Once More, Ravens Let a Close One Slip Away
By Ken Denlinger
BALTIMORE, Nov. 23 Baltimore Ravens Coach Ted Marchibroda occasionally gets angry enough at his team to offer the sort of blunt criticism he usually keeps private. Such a time was after the Ravens lost to the Arizona Cardinals today, 16-13, on a 43-yard field goal by Joe Nedney (pictured) at game's end that eliminated all but the Ravens' most remote chance of making the playoffs.
"We don't play smart football," Marchibroda said.
These are some of the things that upset Marchibroda: The Cardinals (3-9) won their first road game of the season, rookie quarterback Jake Plummer (19 for 34, 218 yards passing) won the first game he has started and finished, and Arizona Coach Vince Tobin won his first game against an AFC team in seven tries.
"I'm embarrassed," Ravens defensive tackle Tony Siragusa said. "I've got to explain to ... friends who call and ask what's wrong."
What will he tell them?
"I have no clue."
In not winning for the seventh time in their past eight games, the Ravens lost a four-point lead early in the fourth quarter. Still, they were in fine position to force their second overtime in as many weeks after first tying the score at 13-13 on Matt Stover's 34-yard field goal with 34 seconds left, then pinning the Cardinals on their 20 on the ensuing kickoff.
Baltimore's defensive backfield was hurt by injuries to starters Eugene Daniel and Rondell Jones and to Kim Herring. Usually, the three would have been playing on the critical first-down play from Arizona's 42 with 15 seconds left.
Cardinals wide receiver Rob Moore seemed to slip easily behind DeRon Jenkins and gather in Plummer's pass for a 27-yard gain. But Jenkins said he did manage to tip the pass.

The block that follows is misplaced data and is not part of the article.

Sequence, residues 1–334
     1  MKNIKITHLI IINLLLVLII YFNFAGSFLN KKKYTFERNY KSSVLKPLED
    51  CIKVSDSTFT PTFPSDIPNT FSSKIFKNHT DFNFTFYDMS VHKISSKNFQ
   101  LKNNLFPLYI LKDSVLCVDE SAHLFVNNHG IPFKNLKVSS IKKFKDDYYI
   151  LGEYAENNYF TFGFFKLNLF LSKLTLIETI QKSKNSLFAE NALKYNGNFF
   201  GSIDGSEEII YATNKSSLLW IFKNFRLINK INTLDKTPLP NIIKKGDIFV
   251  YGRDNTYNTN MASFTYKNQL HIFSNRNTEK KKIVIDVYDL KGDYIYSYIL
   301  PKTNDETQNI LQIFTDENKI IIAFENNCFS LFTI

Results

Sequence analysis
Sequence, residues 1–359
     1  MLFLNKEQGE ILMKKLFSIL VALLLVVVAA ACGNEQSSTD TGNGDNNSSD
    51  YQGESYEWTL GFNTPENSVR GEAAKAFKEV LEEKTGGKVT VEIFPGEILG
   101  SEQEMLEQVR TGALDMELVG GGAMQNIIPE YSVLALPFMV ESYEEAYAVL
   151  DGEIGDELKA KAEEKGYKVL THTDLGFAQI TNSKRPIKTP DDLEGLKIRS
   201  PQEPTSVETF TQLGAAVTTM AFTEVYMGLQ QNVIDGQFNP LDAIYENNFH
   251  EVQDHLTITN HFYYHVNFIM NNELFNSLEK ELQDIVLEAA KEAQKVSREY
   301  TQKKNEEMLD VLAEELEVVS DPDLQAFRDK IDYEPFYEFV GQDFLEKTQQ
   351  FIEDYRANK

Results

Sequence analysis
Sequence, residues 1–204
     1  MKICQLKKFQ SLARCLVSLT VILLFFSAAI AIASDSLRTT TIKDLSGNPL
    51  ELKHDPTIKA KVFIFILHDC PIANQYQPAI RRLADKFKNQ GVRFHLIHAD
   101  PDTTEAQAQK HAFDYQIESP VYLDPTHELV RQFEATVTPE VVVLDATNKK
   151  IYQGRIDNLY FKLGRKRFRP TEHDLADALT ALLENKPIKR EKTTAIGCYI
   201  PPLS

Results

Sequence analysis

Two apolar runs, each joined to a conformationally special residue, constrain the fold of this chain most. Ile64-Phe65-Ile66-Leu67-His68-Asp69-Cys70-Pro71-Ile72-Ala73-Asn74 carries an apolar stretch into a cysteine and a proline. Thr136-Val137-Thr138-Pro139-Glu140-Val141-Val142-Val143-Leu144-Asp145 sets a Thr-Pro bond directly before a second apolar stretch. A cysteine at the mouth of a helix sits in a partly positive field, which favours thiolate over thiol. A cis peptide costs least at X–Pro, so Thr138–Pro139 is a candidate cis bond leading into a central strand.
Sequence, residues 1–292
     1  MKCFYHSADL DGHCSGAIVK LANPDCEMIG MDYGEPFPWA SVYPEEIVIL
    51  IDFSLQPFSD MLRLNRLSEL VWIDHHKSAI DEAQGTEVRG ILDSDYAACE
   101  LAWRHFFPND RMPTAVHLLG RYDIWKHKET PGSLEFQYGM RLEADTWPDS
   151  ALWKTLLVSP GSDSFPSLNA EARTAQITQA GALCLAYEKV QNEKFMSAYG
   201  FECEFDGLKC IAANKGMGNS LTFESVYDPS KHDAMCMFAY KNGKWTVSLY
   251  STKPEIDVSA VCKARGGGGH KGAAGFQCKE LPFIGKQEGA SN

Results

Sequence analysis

That left the Cardinals at Baltimore's 31 with seven seconds left. Plummer then threw a six-yard pass to wideout Anthony Edwards, and the Cardinals called time after linebacker Ray Lewis and safety Stevon Moore made the tackle with three seconds left.
Had Lewis and Moore allowed Edwards another step or so before tackling him, the clock would have wound down and denied Nedney his crack at the game-winner. The same situation turned in the Ravens' favor at the end of the first half, when Stover kicked a 46-yarder that lifted Baltimore to a 3-3 tie.
Marchibroda said a player can call time whenever he chooses, even without being tackled. After reading the rule book, a Ravens official was uncertain about that — and no one from the NFL was immediately available to comment.
The Ravens' special teams started breaking down early, when Kevin Williams returned the first punt 33 yards and the Cardinals used that to gain a 3-0 lead on Nedney's 22-yard field goal. In all, Williams had 110 yards on six returns, and 60 yards on two kickoffs. Special-teams penalties also cost the Ravens field position.
That gave Baltimore a 10-6 lead. The offense's inability to move the ball after an interception by Moore and a 23-yard punt return by Williams set the Cardinals up for the touchdown that enabled them to regain the lead. Their drive started on Baltimore's 31. It took 10 plays and ended with Plummer passing to wide receiver Frank Sanders just inside the end zone from the 4 on fourth down.
"I just felt it would be a shot in the arm for our football team," Tobin said of choosing not to kick a field goal with 8 minutes 34 seconds still left.
Talk in Baltimore's locker room soon turned to next season — and Marchibroda said: "There's going to have to be some changes. No question."
Moore mentioned a troubling recent pattern.
"We've talked about making the playoffs all the time," he said. "Good teams win these games."
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